The East End Tea Room is a true story about the citizens of Mississippi weathering the storm in the 1960's when hundreds of civil rights activists from the North invaded the state. It was during a time when black ghettoes in the civil rights worker's own backyards in Northern cities were about to explode in death and destruction. In one year, 67 race riots broke out in Northern cities. In Detroit alone, 43 people were killed and millions of dollars in property destroyed.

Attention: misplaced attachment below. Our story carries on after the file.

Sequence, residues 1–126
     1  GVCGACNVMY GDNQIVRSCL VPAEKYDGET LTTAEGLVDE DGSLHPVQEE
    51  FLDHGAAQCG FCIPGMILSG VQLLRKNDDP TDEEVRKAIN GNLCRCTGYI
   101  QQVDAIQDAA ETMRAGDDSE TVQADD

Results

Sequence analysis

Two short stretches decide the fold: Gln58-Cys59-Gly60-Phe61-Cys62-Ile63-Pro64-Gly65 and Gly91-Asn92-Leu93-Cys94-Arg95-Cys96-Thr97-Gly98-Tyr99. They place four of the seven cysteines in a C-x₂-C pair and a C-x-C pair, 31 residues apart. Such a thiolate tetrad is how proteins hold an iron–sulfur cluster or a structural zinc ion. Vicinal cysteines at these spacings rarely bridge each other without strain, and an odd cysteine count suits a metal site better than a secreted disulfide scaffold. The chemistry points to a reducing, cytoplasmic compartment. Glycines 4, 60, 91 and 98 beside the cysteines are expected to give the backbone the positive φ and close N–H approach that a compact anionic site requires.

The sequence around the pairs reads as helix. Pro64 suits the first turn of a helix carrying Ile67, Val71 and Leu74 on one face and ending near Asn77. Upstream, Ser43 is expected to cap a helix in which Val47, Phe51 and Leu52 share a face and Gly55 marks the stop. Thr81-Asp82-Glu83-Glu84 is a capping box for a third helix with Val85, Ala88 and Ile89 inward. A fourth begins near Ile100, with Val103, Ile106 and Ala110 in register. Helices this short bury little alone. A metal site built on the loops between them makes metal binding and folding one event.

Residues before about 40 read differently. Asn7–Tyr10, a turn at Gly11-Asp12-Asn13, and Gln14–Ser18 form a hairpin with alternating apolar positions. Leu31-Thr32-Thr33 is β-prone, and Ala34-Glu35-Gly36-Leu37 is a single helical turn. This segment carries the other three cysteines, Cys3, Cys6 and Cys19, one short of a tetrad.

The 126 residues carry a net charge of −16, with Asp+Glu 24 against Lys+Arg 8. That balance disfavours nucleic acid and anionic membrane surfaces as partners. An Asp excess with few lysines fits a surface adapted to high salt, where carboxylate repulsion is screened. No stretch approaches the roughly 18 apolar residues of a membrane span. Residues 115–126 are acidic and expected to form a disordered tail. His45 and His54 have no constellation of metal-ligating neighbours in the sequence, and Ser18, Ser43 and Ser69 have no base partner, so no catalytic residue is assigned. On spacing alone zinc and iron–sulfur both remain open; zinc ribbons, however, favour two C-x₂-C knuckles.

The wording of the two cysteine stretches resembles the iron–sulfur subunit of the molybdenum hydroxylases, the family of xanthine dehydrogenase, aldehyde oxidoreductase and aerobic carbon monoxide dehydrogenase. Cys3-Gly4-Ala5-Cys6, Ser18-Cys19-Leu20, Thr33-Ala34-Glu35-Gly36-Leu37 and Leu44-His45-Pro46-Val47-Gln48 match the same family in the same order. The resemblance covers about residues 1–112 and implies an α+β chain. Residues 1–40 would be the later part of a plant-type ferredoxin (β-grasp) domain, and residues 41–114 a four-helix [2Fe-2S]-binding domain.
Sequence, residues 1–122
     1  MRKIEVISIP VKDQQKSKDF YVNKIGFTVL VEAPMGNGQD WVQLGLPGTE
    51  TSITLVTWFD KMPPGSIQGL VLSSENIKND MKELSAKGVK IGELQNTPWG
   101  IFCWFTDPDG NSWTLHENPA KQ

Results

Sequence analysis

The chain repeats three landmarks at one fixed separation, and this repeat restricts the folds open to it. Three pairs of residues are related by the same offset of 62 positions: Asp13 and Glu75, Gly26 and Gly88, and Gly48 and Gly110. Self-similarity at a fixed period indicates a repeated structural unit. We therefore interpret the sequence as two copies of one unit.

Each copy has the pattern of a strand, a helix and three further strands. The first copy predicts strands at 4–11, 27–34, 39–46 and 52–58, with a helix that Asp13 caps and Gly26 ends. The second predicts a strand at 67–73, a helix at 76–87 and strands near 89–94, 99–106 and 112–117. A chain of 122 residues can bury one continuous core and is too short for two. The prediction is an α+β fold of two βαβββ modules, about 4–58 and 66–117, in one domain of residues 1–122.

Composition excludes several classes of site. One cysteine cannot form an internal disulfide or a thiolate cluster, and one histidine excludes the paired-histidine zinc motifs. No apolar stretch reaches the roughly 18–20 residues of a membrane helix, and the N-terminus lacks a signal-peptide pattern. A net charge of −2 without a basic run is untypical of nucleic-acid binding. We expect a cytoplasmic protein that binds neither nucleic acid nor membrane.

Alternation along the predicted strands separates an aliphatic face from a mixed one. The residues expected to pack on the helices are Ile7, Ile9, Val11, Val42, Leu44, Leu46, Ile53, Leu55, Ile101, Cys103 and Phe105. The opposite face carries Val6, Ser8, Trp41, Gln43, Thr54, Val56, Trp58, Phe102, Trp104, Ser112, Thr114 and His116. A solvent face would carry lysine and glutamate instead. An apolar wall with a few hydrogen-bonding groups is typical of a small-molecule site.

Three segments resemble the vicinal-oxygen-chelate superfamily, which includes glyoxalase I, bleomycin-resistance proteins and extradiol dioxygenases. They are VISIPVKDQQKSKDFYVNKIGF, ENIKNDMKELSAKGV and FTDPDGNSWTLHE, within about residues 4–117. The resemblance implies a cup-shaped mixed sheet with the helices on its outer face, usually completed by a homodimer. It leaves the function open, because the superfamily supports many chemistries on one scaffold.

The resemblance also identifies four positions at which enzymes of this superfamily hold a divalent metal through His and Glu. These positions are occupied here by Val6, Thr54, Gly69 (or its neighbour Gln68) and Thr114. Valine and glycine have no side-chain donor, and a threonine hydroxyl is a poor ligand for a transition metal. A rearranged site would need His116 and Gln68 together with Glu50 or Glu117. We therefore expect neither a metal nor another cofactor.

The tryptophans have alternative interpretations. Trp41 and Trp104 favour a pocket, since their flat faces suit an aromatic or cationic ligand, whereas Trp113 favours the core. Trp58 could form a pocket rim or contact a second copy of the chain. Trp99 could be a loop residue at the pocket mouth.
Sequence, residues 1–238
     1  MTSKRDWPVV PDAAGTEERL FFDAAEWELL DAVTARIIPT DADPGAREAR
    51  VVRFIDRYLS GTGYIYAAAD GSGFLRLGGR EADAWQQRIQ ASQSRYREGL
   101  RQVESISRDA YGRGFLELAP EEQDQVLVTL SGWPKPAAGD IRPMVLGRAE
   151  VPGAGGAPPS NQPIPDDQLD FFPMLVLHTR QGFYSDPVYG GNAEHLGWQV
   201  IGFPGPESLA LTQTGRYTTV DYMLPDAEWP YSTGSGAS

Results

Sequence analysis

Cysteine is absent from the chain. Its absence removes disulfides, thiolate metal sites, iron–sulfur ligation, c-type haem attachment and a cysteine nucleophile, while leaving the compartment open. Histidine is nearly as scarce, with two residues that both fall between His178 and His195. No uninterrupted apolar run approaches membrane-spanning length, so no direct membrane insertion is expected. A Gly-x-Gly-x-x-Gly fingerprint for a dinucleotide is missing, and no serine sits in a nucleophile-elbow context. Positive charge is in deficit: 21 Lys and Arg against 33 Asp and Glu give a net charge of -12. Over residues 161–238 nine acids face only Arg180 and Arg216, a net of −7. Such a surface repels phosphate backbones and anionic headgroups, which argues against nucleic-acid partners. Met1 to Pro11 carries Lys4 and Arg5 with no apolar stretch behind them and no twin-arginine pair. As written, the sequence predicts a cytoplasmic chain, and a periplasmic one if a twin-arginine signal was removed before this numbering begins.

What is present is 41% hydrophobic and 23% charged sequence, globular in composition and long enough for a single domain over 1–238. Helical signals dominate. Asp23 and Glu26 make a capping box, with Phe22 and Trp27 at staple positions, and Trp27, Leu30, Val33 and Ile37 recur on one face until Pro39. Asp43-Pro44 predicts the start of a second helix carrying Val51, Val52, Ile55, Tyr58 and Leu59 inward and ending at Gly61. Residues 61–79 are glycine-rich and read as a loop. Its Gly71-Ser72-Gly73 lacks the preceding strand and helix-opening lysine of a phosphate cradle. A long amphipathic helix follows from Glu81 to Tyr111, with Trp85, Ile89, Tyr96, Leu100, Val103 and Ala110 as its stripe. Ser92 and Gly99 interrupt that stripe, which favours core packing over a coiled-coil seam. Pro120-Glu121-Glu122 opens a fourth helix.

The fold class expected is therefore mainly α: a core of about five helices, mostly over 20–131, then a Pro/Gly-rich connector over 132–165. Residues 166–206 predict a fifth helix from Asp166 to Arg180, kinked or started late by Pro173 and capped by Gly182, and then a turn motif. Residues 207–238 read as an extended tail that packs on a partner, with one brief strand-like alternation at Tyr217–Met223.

The story is about the civil rights movement in the 1960's, but it also describes an era of honky tonk fighters in Meridian, never equaled before or since. The East End Tea Room was not a Klan hangout, but a colorful beer joint that depicts the honky tonk scene during that bygone period of Meridian's history. The book is also an insiders account of the civil rights murders in the fictional movie Mississippi Burning.

The East End Tea Room is dedicated to the citizens of Mississippi, white and black, who weathered the storm of the Second Reconstruction in Mississippi and later voted overwhelmingly to preserve the proud heritage of the Mississippi state flag.